The Healthy Home Network
Chemical Sensitivity (MCS) Print E-mail

Some people react to chemicals in their environments. These allergy-like reactions seem to result from exposure to a wide variety of synthetic and natural substances. Such substances can include those found in:

  • Paints
  • Carpeting
  • Plastics
  • Perfumes
  • Cigarette smoke
  • Plants

Although the symptoms may resemble those of allergies, sensitivity to chemicals does not represent a true allergic reaction involving IgE and the release of histamine or other chemicals. Rather than a reaction to an allergen, it is a reaction to a chemical irritant, which may affect people with allergies more than others.

Source: National Institute of Allergy and Infectious Diseases

Multiple Chemical Sensitivity (MCS) Syndrome
MCS is marked by multiple symptoms in multiple organ systems (usually the neurological, immune, respiratory, skin, "GI," and/or musculoskeletal) that recur chronically in response to multiple chemical exposures. MCS usually starts with either an acute or chronic toxic exposure, after which this initial sensitivity broadens to include many other chemicals and common irritants (pesticides, perfumes and other scented products, fuels, food additives, carpets, building materials, etc.).

MCS symptoms commonly include difficulty breathing, sleeping and/or concentrating, memory loss, migraines, nausea, abdominal pain, chronic fatigue, aching joints and muscles, and irritated eyes, nose, ears, throat and/or skin. In addition, some with MCS show impaired balance and increased sensitivity not just to odors but also to loud noises, bright lights, touch, extremes of heat and cold, and electromagnetic fields.

Source: Ohio State University - Multiple Chemical Sensitivity - CDFS-192-96

What is MCS?
In theory, MCS is an adverse physical reaction to low levels of many common chemicals. Chemical sensitivity is generally accepted as a reaction by certain individuals to chemicals but debate rages on whether MCS is classifiable as an illness. One of the difficulties in classifying MCS as an illness has been the complex nature of chemicals in the environment and the interaction effects with and within the human body. The length of exposure, the concentration of the chemical(s), and the individual's threshold of resistance are also factors complicating a simple definition. In the relatively few but growing documented cases of severe reactions to chemicals, there seems to be no single stimuli or predictor of reactions. The most severe cases, often called either Environmental Illness or 20th Century Disease, sometimes result in individuals isolating themselves from society, synthetic products, and any type of chemical product.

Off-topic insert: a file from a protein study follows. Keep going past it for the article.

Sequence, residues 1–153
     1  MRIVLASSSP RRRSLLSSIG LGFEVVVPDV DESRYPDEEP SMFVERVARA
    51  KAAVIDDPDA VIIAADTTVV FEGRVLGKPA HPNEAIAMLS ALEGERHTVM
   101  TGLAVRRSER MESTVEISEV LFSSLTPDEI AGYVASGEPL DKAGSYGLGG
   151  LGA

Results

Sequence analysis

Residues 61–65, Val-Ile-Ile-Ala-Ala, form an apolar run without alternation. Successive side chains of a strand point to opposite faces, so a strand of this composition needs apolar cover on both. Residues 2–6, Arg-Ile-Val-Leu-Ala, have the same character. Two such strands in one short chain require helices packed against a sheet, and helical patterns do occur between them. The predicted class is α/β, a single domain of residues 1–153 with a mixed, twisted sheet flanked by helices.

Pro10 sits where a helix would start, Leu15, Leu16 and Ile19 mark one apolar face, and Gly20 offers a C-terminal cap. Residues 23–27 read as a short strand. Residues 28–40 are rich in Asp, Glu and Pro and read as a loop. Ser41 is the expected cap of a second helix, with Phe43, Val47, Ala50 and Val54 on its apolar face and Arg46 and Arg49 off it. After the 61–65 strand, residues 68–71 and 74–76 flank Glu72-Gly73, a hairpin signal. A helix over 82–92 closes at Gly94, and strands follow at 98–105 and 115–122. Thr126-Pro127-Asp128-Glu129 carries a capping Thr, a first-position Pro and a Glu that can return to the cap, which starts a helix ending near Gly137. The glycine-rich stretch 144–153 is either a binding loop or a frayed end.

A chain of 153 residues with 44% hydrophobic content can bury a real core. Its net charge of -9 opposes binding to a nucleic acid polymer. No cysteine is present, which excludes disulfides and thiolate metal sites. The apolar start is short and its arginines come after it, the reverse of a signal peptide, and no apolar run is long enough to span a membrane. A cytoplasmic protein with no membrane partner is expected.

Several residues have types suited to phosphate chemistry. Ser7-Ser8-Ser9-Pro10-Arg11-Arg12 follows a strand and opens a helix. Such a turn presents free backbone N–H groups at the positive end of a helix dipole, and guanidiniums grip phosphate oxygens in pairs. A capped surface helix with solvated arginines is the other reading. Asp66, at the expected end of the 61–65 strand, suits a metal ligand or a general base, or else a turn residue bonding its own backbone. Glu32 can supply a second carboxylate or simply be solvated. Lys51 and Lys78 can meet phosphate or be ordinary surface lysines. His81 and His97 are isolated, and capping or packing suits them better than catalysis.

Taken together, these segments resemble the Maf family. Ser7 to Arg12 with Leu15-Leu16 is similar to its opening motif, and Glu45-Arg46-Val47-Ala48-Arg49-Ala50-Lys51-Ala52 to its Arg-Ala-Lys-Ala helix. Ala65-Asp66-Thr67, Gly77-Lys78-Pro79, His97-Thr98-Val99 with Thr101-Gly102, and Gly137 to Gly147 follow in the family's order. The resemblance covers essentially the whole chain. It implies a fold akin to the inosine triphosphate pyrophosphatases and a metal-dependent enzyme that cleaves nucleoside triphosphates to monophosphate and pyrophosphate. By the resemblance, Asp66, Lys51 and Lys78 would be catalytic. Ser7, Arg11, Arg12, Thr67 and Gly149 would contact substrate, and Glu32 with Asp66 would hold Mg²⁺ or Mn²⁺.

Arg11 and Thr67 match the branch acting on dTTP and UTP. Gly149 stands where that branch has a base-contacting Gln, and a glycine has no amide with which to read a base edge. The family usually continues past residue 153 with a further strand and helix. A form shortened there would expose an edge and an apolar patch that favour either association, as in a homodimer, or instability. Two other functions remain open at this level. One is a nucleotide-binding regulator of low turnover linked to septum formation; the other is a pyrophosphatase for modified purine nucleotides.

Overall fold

What makes MCS so hard to identify?
Few products in our society do not include some synthetic or natural chemicals. While most people are generally unaffected by them, many of us have experienced some type of reaction, stimulated by synthetic chemicals at some time in a particular situation. Headaches, dizziness, and shortness of breath are sometimes symptoms of reactions to chemicals. These same symptoms, however, are also common to many other illnesses, diseases, stress, and stimuli. A related illness caused by environmental stimuli is that of Sick Building Syndrome. This condition has, over the last twenty years, gained credibility in scientific circles and there are well-documented cases of large percentages of building inhabitants or workers reacting to chemicals in the closed environment of the building.

Exposure to specific chemicals or any combination of chemicals has an impact on the human body. The interaction may be positive, negative, or neutral. Many synthetic chemicals imitate natural chemicals normally found in the human body, without many of which we would die. In great concentration, these same chemicals can be toxic. The variables of concentration and time are central to how the chemicals affect an individual. The amount of time exposed, the type of chemical, and the concentration of chemicals may contribute to the individual's reaction.

Various chemicals pass through the human body unless the level of chemical exceeds the body's ability to cleanse itself. Some chemicals may accumulate in the body, however; other chemicals have an additive effect in that the toxicity of one can add to the toxicity of another. Additivity and body burden are very different, but are not mutually exclusive. There are also chemicals that stimulate the breakdown of other chemicals. This is called an antagonistic effect. Antagonism is an outcome of the process; in the breakdown, a chemical might exacerbate the toxicity of another, or become more toxic in a synergistic relationship.

These interactions of chemicals can be isolated in laboratories, but the human body, and the unique ability of each body to respond to different chemicals in different ways, makes it difficult to understand the effects of any one chemical in a particular concentration on any person. Just as some people react to certain medications while others do not, the way one person reacts to a chemical in the environment may be entirely different than another person.